Before the rath started off, Advani quoted from the correspondence between K.M Munshi and Jawaharlal Nehru, underscoring this aspect. Advani recalled how Vallabhbhai Patel swore to rebuild that temple of one of the 12 jyotirlings, desecrated as many as 17 times starting with Mahmud of Ghazni; how Patel worked to ensure it with Gandhiji’s blessings; how, after Patel’s death, the attitude of Nehru changed and how K.M. Munshi told Nehru it was wrong to speak of the rebuilding of the Somnath temple as Hindu revivalism. “I cannot value freedom if it deprives me of the Bhagvad Gita and destroys the fabric of life.” The current rath yatra was an attempt “to bridge the gulf” between the responses of the first post-Independence government and the present one.

Also built into this exercise are other symbols, apart from the dominance of the saffron colour. One was BJP leader Sikander Bakht worshipping at the temple after the temple officials told him there was no bar on a Muslim worshipping there. Tradition and the deed of the trust headed by Morarji Desai that runs the temple permitted it.

During the yatra, Advani spoke of how Muslims have begun to accept the idea of rebuilding the temple. It is the “pseudo-secularists” who have come into the picture. “The government had itself agreed to the rebuilding, because the people have decided.”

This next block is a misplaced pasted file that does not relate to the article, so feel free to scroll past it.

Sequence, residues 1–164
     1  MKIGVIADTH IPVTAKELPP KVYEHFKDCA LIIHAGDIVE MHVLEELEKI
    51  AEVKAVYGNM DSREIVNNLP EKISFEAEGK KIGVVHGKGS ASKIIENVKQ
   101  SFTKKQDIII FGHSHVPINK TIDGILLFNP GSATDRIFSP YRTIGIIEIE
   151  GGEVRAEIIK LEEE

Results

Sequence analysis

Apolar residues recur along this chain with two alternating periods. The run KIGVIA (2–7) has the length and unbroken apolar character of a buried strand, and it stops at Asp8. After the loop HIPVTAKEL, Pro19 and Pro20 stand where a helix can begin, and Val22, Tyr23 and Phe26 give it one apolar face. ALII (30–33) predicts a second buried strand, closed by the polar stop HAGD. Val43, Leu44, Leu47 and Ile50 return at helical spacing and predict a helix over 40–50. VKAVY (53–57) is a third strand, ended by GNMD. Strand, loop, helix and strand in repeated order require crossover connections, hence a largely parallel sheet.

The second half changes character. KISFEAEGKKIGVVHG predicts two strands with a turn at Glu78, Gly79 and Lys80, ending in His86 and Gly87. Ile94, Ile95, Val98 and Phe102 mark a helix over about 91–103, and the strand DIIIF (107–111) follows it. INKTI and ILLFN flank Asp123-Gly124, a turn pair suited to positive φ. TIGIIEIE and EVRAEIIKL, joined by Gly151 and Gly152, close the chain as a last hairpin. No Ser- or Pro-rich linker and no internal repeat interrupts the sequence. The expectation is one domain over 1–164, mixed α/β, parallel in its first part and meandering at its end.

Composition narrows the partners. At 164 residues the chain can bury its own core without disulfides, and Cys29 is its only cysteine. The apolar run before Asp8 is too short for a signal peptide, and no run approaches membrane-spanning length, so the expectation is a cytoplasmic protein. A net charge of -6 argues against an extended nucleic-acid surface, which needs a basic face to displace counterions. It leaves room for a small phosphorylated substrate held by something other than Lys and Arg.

In his first message to the nation as soon as he climbed on to the rath, with the impressive backdrop of the Somnath temple, Advani declared that his purpose was to prevent “materialism” and the cleaving of the “reverence for Rama”. “If that happens, then the nation will lose both its identity and its self-respect. This journey is to ensure and preserve the old symbols of unity, communal amity and cultural oneness. Rebuilding of the Somnath (temple) was the first chapter in erasing a national insult. The reconstruction would be the second chapter.”

The logic is simple: the Rama Shila worship and its carrying to Ayodhya is complete. The VHP has already collected Rs.8.5 crores for it. The entire country has now become devoted to Rama and all that is left is the rebuilding of the temple. As Sikander Bakht put it: “When a temple destroyed by Ghazni could be rebuilt, why cannot a temple martyred by a subedar of Babar be reconstructed?”